Westboro Baptist Church visited Graceland on Friday, not to partake in the fanfare of Elvis Presley but to protest him, calling Elvis a "hip-gyrating drug-popping" fornicator.
"He was a druggie. He did many things that were evil," says Gabriel Phelps-Roper, 17, with Westboro.
But Elvis fans were quick to counter-protest, telling Westboro to step off his blue suede shoes.
"Elvis was not without his flaws, but like she said, he did a lot of good. He did way more good than he did bad," says Donna Galloway, an Elvis fan from Mississippi.
Galloway and her friend, another Elvis fan from Kentucky, Nicole Burd were on a girls trip to Graceland on Friday when they heard about Westboro protesting Elvis. The two grew up on Elvis' music and felt the need to stick up for him like family.
"He was not a perfect man, but he's like all of us," says Burd, "But he did a lot of good things for everybody like the gospel music, the charities, so you can't judge."
Allan Creasy, an Elvis fan, showed up wearing an Elvis suit he rented for $150, all to counteract Westboro's message, saying "Anything to show the pride I have for this city. And Elvis! Elvis is a symbol of this city."
Elvis Presley Enterprises released a statement, saying in part, "Graceland and Elvis Presley Enterprises, Inc. strongly believe in the value of diversity and condemn the intolerant positions and disruptive behavior of this group, even as we acknowledge their own individual right to freedom of expression."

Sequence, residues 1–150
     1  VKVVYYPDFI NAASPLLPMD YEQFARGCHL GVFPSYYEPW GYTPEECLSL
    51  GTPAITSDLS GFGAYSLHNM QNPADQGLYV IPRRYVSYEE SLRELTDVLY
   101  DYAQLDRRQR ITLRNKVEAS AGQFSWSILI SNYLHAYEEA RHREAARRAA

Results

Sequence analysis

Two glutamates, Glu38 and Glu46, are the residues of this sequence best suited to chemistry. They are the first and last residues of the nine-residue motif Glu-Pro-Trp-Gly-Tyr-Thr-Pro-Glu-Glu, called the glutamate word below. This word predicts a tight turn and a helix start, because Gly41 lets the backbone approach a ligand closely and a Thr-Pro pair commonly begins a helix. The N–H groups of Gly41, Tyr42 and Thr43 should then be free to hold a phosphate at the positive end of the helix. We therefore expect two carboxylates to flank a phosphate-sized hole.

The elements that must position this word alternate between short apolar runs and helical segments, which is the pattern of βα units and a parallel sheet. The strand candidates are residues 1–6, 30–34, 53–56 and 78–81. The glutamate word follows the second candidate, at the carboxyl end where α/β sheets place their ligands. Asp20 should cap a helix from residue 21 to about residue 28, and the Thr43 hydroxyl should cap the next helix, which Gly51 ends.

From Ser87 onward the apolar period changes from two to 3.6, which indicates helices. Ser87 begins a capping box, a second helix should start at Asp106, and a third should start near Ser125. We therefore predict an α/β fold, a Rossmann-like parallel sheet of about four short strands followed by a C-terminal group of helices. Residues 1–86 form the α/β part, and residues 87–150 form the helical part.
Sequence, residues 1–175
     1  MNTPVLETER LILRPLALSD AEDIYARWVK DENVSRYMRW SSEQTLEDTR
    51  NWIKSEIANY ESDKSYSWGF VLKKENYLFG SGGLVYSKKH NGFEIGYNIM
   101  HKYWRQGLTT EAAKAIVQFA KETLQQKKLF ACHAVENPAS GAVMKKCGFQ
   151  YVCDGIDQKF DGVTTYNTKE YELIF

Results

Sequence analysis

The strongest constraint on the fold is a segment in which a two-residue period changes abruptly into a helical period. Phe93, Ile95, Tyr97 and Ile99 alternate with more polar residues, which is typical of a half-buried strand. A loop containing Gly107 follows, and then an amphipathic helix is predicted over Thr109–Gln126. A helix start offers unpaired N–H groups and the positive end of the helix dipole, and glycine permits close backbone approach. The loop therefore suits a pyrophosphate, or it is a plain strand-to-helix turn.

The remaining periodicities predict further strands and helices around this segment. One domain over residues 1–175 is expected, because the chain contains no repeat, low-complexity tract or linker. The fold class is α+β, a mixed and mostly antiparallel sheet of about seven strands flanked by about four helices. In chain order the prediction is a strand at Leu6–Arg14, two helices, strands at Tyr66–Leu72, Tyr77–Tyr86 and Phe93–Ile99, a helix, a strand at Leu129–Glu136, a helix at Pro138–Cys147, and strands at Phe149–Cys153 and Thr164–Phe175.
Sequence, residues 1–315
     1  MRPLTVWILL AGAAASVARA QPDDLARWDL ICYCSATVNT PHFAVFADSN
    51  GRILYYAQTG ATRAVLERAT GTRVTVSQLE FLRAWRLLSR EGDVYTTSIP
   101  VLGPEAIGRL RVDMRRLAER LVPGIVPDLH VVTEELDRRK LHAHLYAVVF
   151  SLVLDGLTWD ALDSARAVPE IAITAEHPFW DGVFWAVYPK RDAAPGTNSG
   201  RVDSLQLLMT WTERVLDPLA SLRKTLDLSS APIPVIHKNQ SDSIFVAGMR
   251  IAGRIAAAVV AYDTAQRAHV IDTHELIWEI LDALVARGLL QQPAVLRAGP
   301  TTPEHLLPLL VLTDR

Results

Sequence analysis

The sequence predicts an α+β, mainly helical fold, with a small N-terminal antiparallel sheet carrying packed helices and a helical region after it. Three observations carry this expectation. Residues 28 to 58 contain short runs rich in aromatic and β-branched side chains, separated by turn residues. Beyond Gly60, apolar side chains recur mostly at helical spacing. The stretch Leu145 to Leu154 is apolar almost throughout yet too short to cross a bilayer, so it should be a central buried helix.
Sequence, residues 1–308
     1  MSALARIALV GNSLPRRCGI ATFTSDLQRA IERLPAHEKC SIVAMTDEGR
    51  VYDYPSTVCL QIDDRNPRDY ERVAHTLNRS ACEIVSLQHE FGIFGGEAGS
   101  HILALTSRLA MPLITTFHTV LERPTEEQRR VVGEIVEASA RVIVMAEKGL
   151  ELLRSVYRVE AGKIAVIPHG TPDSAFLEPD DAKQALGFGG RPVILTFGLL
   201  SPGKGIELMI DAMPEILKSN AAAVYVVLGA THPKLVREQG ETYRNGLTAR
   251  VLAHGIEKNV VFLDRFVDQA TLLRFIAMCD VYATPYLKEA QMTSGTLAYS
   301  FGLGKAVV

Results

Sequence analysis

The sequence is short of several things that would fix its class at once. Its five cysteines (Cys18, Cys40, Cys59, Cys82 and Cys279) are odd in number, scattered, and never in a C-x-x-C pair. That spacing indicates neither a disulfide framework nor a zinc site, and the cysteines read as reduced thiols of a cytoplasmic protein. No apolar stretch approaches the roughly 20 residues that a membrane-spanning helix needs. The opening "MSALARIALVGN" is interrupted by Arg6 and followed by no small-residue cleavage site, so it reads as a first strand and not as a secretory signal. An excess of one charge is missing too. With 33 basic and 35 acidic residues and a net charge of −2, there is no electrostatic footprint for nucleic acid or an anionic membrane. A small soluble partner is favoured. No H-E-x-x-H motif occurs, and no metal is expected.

People were prepared to support the Memphis music legend, but also their own values that Westboro looks down upon.
"It's an intrinsic part of what they're doing and so as a gay man myself, I want to be able to say intrinsic of what I'm doing is a counter to what they're doing," says Michael Shaeffer, "I've always thought of myself as an advocate for the LGBT community, my community, and I can't let them come here and roll over."
Chris Riales helped bring out his friends to stand up to Westboro, saying, "If I want to be a gay man in Memphis, I can be a gay man in Memphis. If Elvis wanted to be who he wanted to be, he can be who he wanted to be. He's not an idol, he's not anything crazy. Religious prosecution is not okay."
Memphis police made sure to keep protestors separated from one another so no one was singing "Jail House Rock" at the end of it all. At the beginning, many anti-Westboro protestors thought the religious group did not show up.
Overall passersby did not take Westboro too seriously, but one thing that isn't a joke to Memphians, "You don't mess with Elvis," says Shaeffer.